In my opinion, many of the other reviews of this book that have been posted here seem surprisingly harsh. Whilst not being the fascinatingly insightful read I had hoped for upon picking it up, this novel is not quite entirely awful. But it is not a truly amazing work either.
As so many have posted the details and the plot of synopsis, I'll simply skip forward to what I think of the book. Whilst it's short, fractured style makes it initially a difficult book to get into, it rewards patience, and by the halfway mark I was excitedly looking for any opportunity to pick the book up and find out what happens next. The murky setting and grim subject matter, highlighted by instances of gratuitous and morbid violence, do not detract from the novel, but rather aid in creating a dark, visceral atmosphere, something which is also a result of filling a novel with such unlikeable characters.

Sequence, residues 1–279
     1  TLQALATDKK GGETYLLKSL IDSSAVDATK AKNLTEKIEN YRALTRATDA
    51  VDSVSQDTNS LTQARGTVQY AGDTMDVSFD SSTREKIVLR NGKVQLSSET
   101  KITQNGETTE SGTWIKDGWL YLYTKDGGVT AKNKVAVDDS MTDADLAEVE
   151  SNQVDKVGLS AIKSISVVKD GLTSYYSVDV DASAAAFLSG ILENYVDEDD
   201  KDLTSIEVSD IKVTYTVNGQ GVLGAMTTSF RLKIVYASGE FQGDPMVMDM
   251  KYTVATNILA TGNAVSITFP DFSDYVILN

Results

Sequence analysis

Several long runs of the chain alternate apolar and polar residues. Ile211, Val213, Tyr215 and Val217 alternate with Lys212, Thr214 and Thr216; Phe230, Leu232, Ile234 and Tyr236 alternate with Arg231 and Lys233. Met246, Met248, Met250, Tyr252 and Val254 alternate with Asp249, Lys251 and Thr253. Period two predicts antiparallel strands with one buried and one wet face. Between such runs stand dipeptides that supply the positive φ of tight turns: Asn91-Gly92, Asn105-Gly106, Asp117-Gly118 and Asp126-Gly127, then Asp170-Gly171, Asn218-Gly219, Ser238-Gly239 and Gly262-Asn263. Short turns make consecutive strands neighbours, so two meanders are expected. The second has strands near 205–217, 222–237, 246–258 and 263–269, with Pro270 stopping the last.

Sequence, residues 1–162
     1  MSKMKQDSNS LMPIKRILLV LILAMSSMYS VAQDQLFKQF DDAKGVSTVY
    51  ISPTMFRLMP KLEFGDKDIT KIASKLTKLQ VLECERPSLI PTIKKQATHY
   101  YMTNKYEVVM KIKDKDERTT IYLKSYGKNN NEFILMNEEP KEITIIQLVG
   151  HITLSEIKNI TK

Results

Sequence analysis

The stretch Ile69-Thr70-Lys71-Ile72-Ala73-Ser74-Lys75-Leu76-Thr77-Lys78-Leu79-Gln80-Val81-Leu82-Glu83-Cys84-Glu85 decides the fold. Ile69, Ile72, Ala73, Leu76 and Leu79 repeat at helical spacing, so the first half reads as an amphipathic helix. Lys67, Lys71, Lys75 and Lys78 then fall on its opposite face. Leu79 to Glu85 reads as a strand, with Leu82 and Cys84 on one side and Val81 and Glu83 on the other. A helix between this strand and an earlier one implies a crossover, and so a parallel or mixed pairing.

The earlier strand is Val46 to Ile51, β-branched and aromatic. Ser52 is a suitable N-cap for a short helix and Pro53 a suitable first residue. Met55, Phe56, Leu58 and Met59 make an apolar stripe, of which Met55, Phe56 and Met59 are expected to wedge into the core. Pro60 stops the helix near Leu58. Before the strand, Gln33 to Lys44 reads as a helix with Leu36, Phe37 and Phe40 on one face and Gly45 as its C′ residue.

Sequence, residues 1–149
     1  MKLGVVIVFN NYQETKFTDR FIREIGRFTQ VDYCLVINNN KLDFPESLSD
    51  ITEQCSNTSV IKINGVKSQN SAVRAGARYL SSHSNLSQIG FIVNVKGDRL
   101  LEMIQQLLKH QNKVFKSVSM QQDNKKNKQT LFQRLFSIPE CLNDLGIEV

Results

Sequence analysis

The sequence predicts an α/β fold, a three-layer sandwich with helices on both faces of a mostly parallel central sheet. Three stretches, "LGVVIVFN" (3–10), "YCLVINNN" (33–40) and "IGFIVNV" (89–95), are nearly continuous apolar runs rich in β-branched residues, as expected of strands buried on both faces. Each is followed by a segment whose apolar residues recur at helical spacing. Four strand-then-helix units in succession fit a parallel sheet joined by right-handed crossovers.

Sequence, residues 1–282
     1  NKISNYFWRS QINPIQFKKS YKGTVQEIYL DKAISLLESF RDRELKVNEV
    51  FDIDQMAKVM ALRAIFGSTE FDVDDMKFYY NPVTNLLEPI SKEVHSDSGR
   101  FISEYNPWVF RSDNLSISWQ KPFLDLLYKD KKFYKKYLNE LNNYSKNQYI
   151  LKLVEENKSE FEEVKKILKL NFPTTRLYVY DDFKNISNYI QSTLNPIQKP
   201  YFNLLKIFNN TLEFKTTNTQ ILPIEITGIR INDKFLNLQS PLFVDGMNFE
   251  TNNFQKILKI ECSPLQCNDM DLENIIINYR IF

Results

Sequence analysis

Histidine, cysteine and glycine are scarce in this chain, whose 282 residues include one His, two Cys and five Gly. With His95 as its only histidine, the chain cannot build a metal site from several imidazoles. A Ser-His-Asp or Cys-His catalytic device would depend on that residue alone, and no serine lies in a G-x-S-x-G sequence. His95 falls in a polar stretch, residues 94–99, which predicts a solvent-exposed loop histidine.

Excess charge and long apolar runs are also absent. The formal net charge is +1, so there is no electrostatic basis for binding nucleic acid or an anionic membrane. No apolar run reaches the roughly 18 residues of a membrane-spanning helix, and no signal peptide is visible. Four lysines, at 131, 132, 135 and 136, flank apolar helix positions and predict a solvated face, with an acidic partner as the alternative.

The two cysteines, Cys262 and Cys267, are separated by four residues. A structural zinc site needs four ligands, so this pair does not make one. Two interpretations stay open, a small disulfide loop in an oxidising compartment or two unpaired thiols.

However, the style of the novel makes it difficult to get a handle on who the characters truly are, and I found myself wishing at many points that greater pains had been taken in developing those who populate the story. The story and overall mood, whilst eventually enveloping, is strangely flat and oppressive, with nary a light note to punctuate the slow, gradual slide into darkness that the sparse, broken narrative provides. The ending is also a problem - though it may be unpredictable, the sudden jump from grimy London to the harsh Outback is too quick, and is so jarring that the novel suffers as a whole, although once the tone settles, it becomes as eery and disconcerting as what came before.
In conclusion, this is merely a good novel, missing many of the elements that could have made it great, but not entirely bereft of redeeming features. Also, for anyone with a light constitution who is drawn in by the Richard and Judy endorsement, be warned, for the material is often quite graphic.